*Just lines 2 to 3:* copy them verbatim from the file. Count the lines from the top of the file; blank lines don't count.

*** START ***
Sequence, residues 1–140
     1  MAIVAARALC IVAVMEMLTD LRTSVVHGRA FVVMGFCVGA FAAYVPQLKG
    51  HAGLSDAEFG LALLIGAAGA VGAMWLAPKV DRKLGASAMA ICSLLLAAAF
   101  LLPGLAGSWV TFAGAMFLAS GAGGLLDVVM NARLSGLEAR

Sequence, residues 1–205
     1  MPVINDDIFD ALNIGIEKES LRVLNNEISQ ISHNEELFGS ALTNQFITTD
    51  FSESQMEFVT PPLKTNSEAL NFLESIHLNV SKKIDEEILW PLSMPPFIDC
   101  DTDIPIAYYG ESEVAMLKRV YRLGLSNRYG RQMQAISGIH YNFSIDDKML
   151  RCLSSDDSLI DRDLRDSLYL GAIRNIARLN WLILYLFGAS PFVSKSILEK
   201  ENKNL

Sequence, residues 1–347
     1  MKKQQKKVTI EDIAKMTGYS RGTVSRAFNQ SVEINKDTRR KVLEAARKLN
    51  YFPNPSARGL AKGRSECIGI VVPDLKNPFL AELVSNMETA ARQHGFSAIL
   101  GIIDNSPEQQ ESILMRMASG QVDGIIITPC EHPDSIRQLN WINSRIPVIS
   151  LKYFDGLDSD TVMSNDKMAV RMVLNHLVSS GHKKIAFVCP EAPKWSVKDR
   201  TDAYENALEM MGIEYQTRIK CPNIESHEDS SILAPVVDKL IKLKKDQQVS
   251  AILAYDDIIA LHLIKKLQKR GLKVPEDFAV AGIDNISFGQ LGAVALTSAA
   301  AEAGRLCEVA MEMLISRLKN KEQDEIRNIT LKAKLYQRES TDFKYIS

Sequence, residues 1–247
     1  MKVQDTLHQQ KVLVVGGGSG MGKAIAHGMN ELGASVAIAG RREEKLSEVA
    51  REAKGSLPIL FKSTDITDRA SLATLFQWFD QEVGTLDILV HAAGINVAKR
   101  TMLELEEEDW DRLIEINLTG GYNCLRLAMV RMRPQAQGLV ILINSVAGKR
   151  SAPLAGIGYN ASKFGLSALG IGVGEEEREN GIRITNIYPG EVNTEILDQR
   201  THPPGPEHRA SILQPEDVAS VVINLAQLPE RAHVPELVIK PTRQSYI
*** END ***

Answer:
     1  MAIVAARALC IVAVMEMLTD LRTSVVHGRA FVVMGFCVGA FAAYVPQLKG
    51  HAGLSDAEFG LALLIGAAGA VGAMWLAPKV DRKLGASAMA ICSLLLAAAF